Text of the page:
Last week, some lucky residents in Houston, Indianapolis, Los Angeles and Sacramento – the first in the world - experienced 5G broadband internet service. It was momentous on many levels. Most of us haven’t even begun to imagine how 5G will change our lives. If you think Artificial Intelligence and the Internet of Things are transformational technologies, wait till they meet 5G. It will be transformation on steroids!
While it may sound clichéd, the advancement in network speeds and technology coupled with the insatiable thirst for data is transforming every sector from healthcare to telematics. It’s changing how we bank, how we interact with our favourite brands and how we consume services.
And almost every business is working hard to adapt.
Take CG Power and Industrial Solutions Limited, for example. This 81-year old Indian headquartered company manufactures sustainable end-to-end electrical solutions, and employs over 5000 plus employees in Belgium, Hungary, Indonesia, Ireland, France, UK and US. Twelve weeks was all it took to deploy SD WAN on top of their existing MPLS service. Their executives now see a 27 percent savings in network costs and can modify configurations at endpoints deployed across the globe in a matter of minutes.
Two years ago, IDC surveyed 603 digital stakeholders on their initial approach to digital transformation and the role of the network. They predicted that two-thirds of would have digital transformation at the center of their corporate strategies by the end of 2017.
Fast forward to 2018.
IDC’s latest study - Digital Transformation: Discover the Right Path to Avoid Hype and Disappointment – sees 219 executives talking about the challenges of executing digital initiatives, and the instructive lessons to be drawn from leaders doing things successfully.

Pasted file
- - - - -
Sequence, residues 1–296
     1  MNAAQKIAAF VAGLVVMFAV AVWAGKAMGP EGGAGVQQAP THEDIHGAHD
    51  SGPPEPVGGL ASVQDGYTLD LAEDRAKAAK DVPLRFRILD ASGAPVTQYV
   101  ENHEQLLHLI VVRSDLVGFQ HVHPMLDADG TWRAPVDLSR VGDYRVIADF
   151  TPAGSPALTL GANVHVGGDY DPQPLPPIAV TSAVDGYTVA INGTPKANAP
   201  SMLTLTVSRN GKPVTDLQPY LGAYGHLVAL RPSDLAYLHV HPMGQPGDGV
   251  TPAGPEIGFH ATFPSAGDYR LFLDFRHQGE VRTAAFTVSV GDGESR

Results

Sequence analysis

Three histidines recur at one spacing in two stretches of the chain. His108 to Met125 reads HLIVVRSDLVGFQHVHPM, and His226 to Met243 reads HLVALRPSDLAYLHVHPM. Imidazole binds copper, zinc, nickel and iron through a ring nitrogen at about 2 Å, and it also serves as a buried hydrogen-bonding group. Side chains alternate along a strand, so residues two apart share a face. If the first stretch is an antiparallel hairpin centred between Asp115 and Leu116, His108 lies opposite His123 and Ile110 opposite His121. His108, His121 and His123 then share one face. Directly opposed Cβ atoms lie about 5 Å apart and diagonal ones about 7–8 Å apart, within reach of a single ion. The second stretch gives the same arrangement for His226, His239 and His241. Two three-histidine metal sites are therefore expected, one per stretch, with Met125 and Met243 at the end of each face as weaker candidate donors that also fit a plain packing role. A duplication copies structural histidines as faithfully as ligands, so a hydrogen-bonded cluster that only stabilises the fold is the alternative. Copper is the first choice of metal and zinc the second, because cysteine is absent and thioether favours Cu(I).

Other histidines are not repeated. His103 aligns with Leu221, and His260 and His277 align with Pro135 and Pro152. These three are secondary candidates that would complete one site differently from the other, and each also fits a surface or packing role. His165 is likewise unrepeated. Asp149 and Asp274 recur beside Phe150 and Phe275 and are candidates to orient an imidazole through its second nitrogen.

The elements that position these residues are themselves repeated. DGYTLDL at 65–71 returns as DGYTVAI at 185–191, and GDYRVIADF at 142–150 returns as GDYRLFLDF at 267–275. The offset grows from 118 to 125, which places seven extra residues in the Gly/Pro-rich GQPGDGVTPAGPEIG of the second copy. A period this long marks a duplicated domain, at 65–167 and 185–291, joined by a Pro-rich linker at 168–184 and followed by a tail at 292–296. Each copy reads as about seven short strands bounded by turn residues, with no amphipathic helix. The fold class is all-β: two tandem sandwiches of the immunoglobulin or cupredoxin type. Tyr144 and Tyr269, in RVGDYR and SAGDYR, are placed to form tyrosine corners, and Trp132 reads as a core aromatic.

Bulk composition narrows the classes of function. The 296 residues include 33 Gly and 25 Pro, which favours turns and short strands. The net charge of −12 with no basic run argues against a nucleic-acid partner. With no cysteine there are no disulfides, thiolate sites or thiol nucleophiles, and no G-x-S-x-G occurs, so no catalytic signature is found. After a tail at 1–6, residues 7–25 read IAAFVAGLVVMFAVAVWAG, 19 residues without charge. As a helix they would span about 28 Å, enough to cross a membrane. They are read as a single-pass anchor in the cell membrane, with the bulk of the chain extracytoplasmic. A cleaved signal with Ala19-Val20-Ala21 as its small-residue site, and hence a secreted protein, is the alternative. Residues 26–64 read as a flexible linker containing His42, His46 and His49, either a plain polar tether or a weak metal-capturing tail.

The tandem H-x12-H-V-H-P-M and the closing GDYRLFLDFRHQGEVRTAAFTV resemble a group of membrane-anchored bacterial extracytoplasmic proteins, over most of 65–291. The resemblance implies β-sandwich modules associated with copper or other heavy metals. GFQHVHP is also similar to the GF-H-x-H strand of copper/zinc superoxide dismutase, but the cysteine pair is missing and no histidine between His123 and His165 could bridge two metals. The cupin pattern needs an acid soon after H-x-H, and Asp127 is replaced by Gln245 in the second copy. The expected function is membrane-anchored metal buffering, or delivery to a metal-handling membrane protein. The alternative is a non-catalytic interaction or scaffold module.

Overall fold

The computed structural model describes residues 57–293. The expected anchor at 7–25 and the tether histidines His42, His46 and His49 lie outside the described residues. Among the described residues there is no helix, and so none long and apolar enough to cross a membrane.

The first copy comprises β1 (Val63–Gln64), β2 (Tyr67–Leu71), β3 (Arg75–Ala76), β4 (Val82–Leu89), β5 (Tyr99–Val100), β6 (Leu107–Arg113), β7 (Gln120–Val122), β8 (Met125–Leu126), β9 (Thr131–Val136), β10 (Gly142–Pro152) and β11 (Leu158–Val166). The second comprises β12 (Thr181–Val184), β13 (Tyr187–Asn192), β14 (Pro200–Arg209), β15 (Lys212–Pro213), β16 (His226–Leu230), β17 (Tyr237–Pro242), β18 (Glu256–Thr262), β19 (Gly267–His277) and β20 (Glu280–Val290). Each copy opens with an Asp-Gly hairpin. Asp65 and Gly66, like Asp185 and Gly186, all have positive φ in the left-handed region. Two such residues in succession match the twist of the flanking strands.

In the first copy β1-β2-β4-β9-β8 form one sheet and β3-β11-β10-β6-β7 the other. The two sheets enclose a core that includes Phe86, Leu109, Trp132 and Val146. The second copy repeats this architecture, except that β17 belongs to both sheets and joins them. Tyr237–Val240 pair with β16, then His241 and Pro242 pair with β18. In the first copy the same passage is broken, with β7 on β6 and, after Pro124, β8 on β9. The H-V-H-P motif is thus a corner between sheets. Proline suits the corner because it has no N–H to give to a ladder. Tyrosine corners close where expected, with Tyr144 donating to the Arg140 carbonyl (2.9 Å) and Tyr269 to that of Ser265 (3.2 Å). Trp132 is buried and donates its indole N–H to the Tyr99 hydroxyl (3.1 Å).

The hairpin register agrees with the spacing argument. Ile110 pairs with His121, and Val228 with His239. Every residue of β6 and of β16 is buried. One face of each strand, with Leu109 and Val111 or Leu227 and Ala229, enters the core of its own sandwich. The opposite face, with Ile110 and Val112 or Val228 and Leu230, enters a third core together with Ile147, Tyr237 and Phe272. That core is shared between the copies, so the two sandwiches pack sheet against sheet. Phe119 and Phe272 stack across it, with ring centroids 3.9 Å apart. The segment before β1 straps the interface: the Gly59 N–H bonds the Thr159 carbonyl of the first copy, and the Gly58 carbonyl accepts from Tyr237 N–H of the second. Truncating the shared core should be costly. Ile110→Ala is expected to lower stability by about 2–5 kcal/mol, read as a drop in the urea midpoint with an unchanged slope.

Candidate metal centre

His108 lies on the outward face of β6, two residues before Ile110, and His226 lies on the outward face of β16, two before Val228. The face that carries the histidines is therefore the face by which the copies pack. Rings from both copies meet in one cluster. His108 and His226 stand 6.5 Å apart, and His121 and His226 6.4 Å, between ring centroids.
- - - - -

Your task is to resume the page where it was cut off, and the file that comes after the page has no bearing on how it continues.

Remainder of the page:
That 70% of executives believe that networking capabilities underpin digital transformation initiatives won’t surprise anyone. Three key findings, however, stand out. The first is the nearly 20 percentage point increase in the leaders who believe that that networking capabilities are fundamental to transformation. The second is that CIOs who have poured resources into DX strategies are finding it difficult to execute on initiatives and worse, not seeing the benefits of their investment. The study goes on to predict that, by as early as 2019, mature digital companies will derive at least 45% of their revenues from digital-related commerce activities.
SAP is another great example of a company harnessing the power of the network to deliver a superior experience for employees and customers around the globe. The company has decided to consolidate management of its global network environment, using next-generation network technologies, including software-defined networking, to build in resilience and scalability while freeing its own people to focus on customer-facing activities.
The best analogy comes from a colleague who likens choosing a network to renovating a house. If you’ve tried to cut corners to save money on a poorly built foundation, it will come to light at the worst possible time.
As you digest the findings, remember that there is a demonstrably tight link between digital leadership and network leadership that offers lessons in organization, investment, and technology and partner selection for all organizations on the DX journey. Here are the six key lessons from digital leaders:
- Become a network leader by investing in leading-edge networking capabilities: A large majority (83.5%) of self-described leading-edge DX organizations also describe themselves as having leading-edge networking capabilities.
- Network leadership supports effective implementation of digital initiatives: Network leadership is clearly established where digital transformation initiatives are up and running.
- Align network planning an digital strategy planning processes: 92% of network leaders work in organizations where network planning and digital strategy planning are part of the same process.
- The right CSP can be an effective primary trusted provider for digital initiatives: Both self-described digital and network leaders indicate a preference for CSPs (or network technology specialists) as trusted providers for digital initiatives over other traditional sources.
- Network leaders are more ambitious and execute digital initiatives at a higher level: Digital initiatives among network leaders are generally more sophisticated and oriented toward disruption relative to the rest of the market.
- Investment in the right places is key to supporting execution: Network leaders are doubling down on investment, raising overall spending on next-generation digital solutions and prioritizing investment in net-new networking technologies that will be essential to effective DX processes.
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